Wednesday, September 29, 2021

Hurricane Sam: 28 September, Update A

Don't you think that some days are astounding, time is fleeting and with a bit of a mind flip, you're into the time slip? It's only been about a week since I last checked in with Tropical Storms Peter and Rose (they didn't do much). But what a time warp these few days turned out to be - Peter and Rose seem like a month ago! In the last few days very weak Subtropical Storm Teresa popped up and promptly ran away after 24 hours (also didn't do much), and now we have major Hurricane Sam and the future Victor and Wanda on the eastern Atlantic horizon. 

Hurricane Sam is a major mid-sized cat 4 storm with winds of 140mph, central pressure of 944mb (cat 4 range: 130-156mph). He is currently at 18.4N, 55.6W, heading NW at 9mph. Fortunately, he is going to stay away from land, passing closest to Bermuda on Friday night, but avoiding the island... 

He was big, but although there is still circulation (vorticity) throughout the troposphere, he looks a little weaker at the moment because of dry air in the mid-levels of the atmosphere. The eye is certainly not as clear as it should be for a cat 4 storm: 

And for a close up... 

I would put him as a cat 3 for now really, but he has time and room to intensify again to cat 4 storm in the next day or so because waters are warm and there is little wind shear.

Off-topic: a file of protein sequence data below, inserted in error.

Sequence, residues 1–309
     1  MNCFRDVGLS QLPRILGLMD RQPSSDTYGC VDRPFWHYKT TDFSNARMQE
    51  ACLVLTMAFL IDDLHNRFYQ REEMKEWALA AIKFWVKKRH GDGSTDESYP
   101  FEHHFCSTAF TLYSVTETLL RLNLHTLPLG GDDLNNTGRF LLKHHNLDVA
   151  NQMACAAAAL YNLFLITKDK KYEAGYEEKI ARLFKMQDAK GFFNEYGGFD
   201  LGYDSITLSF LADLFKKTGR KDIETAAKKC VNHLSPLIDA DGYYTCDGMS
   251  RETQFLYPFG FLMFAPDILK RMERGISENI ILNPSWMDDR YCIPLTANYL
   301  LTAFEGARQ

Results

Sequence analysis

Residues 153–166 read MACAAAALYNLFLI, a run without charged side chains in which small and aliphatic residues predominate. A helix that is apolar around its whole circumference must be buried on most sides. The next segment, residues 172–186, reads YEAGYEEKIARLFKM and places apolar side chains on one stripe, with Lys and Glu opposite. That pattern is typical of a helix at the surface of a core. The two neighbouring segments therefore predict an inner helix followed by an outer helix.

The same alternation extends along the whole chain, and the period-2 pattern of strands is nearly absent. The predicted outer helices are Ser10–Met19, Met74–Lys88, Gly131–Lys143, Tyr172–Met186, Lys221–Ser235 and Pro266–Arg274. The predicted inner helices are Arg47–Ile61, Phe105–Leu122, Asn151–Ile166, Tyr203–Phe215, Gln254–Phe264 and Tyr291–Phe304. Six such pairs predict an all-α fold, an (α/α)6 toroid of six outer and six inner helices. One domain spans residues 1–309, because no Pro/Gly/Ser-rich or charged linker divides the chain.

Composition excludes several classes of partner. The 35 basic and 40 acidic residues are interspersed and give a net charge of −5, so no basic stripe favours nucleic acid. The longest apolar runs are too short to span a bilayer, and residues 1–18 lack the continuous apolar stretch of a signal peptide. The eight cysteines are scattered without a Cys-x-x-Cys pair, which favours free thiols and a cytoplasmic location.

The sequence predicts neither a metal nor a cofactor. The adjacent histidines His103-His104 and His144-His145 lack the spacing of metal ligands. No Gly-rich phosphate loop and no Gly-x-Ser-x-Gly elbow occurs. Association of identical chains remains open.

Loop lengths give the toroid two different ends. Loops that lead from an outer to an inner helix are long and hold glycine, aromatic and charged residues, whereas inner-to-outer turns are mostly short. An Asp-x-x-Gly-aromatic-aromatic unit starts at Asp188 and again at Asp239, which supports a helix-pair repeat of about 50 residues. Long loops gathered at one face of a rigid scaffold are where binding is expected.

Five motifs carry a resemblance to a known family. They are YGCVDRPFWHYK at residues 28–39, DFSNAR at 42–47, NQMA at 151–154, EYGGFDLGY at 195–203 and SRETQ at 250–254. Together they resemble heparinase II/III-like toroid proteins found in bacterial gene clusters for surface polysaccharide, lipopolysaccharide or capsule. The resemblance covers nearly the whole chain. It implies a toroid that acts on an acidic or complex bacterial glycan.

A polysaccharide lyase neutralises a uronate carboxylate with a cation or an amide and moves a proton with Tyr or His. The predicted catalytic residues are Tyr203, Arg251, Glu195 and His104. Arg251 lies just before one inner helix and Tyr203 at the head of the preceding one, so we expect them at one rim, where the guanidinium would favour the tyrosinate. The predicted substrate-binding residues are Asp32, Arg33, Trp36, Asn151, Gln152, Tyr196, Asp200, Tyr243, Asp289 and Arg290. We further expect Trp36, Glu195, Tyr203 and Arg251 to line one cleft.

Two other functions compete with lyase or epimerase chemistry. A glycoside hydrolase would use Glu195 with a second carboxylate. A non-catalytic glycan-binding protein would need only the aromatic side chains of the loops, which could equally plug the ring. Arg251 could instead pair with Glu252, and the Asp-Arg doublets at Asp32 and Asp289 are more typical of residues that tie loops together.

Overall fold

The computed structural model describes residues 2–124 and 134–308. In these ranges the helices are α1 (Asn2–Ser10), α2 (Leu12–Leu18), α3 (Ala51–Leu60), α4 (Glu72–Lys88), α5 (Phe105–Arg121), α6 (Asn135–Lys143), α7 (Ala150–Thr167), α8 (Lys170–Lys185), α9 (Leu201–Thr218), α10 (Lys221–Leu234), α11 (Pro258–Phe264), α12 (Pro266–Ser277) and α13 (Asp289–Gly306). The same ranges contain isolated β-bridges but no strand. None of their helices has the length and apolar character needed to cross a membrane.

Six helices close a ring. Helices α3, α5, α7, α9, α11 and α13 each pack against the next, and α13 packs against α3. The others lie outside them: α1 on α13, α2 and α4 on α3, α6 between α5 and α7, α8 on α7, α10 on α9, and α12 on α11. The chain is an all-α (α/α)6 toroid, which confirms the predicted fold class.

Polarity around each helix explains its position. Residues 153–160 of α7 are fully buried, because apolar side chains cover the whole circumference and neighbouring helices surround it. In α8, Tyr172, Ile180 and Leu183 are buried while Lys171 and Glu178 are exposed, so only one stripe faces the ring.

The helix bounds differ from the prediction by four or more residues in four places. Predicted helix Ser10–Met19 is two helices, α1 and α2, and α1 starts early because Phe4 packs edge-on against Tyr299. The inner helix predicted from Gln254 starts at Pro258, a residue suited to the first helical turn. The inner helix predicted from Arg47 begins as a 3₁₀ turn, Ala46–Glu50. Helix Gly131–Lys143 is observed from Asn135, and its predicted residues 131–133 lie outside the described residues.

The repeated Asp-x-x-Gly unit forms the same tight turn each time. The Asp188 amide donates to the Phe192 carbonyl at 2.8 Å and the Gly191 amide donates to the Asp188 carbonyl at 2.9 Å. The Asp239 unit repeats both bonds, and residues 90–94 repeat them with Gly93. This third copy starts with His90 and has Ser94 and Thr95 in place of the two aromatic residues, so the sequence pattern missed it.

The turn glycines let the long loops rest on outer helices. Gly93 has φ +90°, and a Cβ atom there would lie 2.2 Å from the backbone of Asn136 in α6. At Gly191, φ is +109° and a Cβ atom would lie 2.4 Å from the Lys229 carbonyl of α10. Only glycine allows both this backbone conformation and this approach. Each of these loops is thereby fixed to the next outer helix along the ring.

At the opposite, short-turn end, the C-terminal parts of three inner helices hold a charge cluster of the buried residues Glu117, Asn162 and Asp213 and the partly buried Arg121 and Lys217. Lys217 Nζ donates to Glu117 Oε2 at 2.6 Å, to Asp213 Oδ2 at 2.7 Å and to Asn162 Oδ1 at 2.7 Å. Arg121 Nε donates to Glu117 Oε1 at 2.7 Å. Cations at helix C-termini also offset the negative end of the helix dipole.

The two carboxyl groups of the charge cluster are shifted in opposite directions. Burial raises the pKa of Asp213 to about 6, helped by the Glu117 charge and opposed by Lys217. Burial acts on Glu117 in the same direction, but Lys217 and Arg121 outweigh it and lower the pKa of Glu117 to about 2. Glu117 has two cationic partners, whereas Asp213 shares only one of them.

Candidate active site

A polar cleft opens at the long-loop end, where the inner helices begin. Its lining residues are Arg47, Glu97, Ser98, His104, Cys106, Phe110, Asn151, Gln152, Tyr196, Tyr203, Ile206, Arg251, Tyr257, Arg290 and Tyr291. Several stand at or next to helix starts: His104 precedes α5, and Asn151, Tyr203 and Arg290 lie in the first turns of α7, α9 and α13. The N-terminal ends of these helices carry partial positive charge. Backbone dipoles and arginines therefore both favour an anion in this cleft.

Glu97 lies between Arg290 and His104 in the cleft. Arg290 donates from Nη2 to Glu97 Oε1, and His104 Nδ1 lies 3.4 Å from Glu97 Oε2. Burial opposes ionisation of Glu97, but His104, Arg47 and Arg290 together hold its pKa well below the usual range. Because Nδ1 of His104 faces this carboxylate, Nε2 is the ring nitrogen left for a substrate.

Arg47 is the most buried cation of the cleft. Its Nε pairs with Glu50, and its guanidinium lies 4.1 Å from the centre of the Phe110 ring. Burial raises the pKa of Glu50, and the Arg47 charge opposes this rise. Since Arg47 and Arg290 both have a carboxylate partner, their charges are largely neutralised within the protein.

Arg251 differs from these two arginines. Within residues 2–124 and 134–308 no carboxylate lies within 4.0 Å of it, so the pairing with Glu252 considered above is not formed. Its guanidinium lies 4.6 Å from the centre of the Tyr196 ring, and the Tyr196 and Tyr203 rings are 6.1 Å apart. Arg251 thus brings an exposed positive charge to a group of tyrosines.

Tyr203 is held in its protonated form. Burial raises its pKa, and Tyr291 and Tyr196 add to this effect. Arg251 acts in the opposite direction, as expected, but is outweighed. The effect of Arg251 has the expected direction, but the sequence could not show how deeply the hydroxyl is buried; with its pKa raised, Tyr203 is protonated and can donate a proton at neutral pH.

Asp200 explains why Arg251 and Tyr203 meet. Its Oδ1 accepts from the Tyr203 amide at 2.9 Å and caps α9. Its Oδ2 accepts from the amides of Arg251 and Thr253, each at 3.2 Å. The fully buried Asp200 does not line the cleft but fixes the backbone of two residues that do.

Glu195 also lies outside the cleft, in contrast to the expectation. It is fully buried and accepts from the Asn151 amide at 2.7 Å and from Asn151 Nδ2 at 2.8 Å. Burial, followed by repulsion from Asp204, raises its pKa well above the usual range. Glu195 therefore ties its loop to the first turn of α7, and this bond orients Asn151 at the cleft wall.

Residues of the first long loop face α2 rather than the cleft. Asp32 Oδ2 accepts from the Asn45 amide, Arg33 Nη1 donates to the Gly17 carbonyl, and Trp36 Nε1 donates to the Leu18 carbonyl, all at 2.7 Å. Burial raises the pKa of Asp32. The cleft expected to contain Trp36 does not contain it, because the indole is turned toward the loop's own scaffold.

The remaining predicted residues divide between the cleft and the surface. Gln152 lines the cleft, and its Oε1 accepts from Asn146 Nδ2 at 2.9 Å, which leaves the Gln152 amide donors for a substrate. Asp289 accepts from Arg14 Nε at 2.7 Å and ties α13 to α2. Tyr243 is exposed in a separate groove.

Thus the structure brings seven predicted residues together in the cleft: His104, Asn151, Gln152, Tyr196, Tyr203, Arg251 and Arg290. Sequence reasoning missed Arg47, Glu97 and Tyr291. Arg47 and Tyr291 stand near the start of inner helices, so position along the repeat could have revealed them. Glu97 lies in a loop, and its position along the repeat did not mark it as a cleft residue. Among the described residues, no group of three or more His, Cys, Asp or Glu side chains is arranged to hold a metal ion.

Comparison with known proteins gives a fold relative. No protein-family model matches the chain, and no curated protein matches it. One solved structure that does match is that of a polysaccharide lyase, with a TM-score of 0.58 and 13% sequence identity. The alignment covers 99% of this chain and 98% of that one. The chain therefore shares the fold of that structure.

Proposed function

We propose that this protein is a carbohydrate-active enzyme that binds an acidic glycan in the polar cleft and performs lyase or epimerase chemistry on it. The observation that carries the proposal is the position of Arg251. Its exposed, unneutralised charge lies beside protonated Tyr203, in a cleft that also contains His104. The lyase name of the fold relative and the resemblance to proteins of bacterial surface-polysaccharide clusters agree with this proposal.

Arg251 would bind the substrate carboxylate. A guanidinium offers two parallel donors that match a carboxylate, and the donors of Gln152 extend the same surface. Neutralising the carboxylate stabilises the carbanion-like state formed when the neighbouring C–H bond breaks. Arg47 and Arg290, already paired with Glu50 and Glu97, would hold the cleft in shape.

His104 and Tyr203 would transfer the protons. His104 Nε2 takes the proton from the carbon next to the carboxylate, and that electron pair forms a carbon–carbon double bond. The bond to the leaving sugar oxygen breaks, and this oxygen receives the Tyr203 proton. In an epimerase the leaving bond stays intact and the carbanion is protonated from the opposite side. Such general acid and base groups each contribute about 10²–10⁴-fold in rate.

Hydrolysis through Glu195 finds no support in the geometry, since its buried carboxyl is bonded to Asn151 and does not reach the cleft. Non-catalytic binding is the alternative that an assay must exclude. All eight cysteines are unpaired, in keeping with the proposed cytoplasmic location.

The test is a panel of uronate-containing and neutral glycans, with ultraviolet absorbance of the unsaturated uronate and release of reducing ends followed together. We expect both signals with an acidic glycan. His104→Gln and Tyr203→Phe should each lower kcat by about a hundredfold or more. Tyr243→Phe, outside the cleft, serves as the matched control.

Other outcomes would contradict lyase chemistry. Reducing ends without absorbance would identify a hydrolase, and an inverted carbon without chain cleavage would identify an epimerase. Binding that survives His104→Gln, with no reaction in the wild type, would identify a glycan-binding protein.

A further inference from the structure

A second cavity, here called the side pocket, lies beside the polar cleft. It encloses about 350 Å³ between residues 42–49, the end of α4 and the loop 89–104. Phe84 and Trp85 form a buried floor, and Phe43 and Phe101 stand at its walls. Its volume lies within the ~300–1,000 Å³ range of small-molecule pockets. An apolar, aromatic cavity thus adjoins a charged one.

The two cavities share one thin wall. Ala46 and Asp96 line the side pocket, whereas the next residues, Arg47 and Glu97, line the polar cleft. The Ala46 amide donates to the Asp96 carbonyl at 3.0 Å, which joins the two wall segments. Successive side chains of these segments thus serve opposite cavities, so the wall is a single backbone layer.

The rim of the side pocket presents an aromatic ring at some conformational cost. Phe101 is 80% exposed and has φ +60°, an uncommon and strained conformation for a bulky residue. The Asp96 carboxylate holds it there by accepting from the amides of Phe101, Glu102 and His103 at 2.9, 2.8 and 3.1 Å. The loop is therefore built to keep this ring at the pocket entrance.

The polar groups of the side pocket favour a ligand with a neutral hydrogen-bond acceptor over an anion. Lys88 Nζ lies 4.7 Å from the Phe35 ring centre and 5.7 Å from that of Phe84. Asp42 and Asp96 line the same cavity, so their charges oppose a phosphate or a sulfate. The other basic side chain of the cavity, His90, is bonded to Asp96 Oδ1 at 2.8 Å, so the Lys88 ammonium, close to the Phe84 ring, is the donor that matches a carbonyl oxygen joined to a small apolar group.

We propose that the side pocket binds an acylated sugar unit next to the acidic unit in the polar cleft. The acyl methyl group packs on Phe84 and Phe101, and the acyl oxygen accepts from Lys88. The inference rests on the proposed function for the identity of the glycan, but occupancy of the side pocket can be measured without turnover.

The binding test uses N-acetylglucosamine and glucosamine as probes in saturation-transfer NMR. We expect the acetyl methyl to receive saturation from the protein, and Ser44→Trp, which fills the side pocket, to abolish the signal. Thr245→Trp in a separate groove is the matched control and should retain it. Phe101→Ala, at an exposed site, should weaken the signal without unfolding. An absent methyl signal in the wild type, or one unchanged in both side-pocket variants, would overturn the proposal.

The major effects will be in the waves and surf reaching the Caribbean, but also Bermuda and perhaps even the US East coast. Perfect for all of you surfers out there! 

He's been a major storm (cat 3 or higher) since Saturday (it's now Tuesday here) - oscillating between a cat 3 (range: 111-129mph) and a cat 4. In case you need a reminder of what that looks like...

That's all for today, but I'm back and will be back (with Victor to talk about tomorrow too I suspect)! :-)

Ciao for now,


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These remarks are just what I think/see regarding tropical storms - not the opinion of any organization I represent. If you are making an evacuation decision, please heed your local emergency management and the National Hurricane Center's official forecast and local weather service announcements. This is not an official forecast. If I "run away, run away" (Monty Python), I'll let you know.

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